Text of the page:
Vivalyn Latty-Scott remembered as knowledgeable, meticulous cricketer


Vivalyn Latty-Scott remembered as knowledgeable, meticulous cricketer

Observer staff reporter

Wednesday, January 13, 2021

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In her time Vivalyn Latty-Scott made all and sundry proud and the former Jamaica and West Indies Women's cricketer, who passed away on Sunday, is remembered for her stubborn determination and outstanding contribution to the game.

“She was a driving force of women's cricket and most people might not have known that she was a part of the Jamaica Blind Cricket Association where she used to coach the team and she was very competitive. She knew the rules and everything and because of her knowledge of the game, she didn't take anything for granted,” veteran sports journalist Courtney Sergeant told the Jamaica Observer yesterday.

“She was one of those persons who push women's cricket and it may have sounded controversial when she spoke but she was a direct individual and one of those beacons for women's cricket. It was an evening of relaxation watching her and Dorothy Hobson, Yolanda Geddes-Hall and others play,” he added.

Born in Clarendon, Latty-Scott went through the club set-up at Lucas and Kensington before gaining national selection for Jamaica and then the West Indies in the 1970s and 1980s.

The 82-year-old, who passed away in Florida, was the first female cricketer to take five wickets in the first Test match for the West Indies against Australia at Jarrett Park in Montego Bay in 1976.

A determined and passionate middle-order, right-hand bat and off-spinner, Latty-Scott set herself apart as an accomplished all-rounder during her playing days and was named Sportswoman of the Year in 1976 following her tremendous exploits for Jamaica and the West Indies, where she played against India and toured England with the regional side.

Aside from playing, Latty-Scott broadened her horizon in the sport and served as an umpire. She was also inducted into The University of West Indies Hall of Fame.

Latty-Scott was so good that there was a postal stamp created in her honour.

Yolanda Geddes-Hall, the former Jamaica and West Indies captain, remembered Latty-Scott for her remarkable commitment to the game.

“She was one of the most dedicated players who I have known and she was my vice-captain of the Jamaica team, but when it was the West Indies team, as far as I am concerned, I always had two vice-captains because she was like another one.

“We always talked and when it was her time to bowl we would discuss all the different aspects of field setting and so on and during the preparation we would go into details with that,” Geddes-Hall told the Observer.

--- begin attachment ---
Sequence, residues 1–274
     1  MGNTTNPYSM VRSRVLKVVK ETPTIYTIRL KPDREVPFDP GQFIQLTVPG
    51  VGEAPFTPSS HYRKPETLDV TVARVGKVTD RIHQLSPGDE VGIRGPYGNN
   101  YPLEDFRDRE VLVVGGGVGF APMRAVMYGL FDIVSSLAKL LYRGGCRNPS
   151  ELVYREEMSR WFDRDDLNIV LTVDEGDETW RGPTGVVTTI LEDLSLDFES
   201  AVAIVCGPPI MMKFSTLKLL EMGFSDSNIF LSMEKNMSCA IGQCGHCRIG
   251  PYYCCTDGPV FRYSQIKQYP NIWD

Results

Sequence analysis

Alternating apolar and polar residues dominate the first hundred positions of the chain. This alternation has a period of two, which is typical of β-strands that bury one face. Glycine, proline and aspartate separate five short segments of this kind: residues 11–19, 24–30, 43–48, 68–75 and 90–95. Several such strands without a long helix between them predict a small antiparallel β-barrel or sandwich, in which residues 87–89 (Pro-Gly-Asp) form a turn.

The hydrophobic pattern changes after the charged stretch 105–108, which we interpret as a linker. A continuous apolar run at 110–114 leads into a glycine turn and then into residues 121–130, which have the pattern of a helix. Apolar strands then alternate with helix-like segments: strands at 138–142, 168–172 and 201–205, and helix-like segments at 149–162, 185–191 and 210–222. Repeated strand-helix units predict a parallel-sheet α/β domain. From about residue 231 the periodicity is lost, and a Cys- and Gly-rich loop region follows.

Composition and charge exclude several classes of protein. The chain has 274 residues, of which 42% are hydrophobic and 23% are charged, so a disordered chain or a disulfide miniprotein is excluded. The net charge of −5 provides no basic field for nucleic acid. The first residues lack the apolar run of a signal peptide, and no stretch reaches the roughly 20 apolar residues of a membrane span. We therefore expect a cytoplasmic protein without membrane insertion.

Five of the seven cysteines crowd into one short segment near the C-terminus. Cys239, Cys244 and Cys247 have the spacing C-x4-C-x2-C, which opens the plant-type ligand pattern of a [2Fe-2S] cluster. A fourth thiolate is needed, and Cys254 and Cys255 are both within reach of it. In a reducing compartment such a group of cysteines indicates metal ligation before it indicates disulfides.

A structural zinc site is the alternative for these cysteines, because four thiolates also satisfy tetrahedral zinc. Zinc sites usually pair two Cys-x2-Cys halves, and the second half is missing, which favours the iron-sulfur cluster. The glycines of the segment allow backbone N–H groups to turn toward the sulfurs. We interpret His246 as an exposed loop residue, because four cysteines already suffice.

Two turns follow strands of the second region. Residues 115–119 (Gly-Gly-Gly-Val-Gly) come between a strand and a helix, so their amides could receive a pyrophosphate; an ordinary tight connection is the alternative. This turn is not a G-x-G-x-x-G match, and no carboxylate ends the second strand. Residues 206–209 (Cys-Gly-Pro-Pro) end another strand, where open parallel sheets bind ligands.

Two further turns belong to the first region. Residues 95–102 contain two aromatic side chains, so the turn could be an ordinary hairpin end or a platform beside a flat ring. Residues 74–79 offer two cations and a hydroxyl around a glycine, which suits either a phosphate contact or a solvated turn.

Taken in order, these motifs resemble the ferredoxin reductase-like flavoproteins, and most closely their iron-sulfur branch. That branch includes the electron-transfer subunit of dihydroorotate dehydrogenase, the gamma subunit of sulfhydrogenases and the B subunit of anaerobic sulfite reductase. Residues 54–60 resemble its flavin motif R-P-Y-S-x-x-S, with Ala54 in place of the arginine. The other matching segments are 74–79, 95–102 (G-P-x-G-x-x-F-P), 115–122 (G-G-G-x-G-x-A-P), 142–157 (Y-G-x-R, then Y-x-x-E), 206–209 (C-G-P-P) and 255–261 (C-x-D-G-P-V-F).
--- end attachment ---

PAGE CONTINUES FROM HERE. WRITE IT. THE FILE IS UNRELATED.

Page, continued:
“The only problem was I used to clean my shoes everyday and wiped down my bat with oil and she said if she followed me and clean the shoes she is going to make ducks because it happened on two occasions, so she said she going with the dirty shoes.

“She was deep into the cricket and when she couldn't get a stroke, she would stay in the evening with her husband Scottie [Lloyd Scott] at RJR and she would practise until she perfected the stroke.

“We were usually roommates for more reasons than one; one is that we would talk cricket in the night and the other is that I got along with her very well. Other people might have found her miserable but it's because she is very meticulous about everything and she wanted the cricket to be like that.”

Another veteran journalist, Lance Whittaker, also paid tribute to the late Latty-Scott, whom he views as an outstanding cricketing figure and influencer in more ways than one.

“Frankly, I was jolted by news of her passing. I had not been in touch with her for such a long time and all my memories of this very sharp, positive and self-assured person seem so detached from news that she was ailing for some time.

“I remember my days at Radio Jamaica when we offered her stints as an analyst for our cricket broadcasts which she handled very efficiently because she knew so much about the game from all angles — player, team captain, coach and umpire,” Whittaker shared.

“Our current West Indies women do not play Test cricket but they did in Latty-Scott's time and her achievements as the first West Indies woman to take five wickets in a Test match and being the only cricketer in Jamaica's history to win the Sportswoman of the Year award, gives her an indelible spot in the island's sporting history,” he ended.

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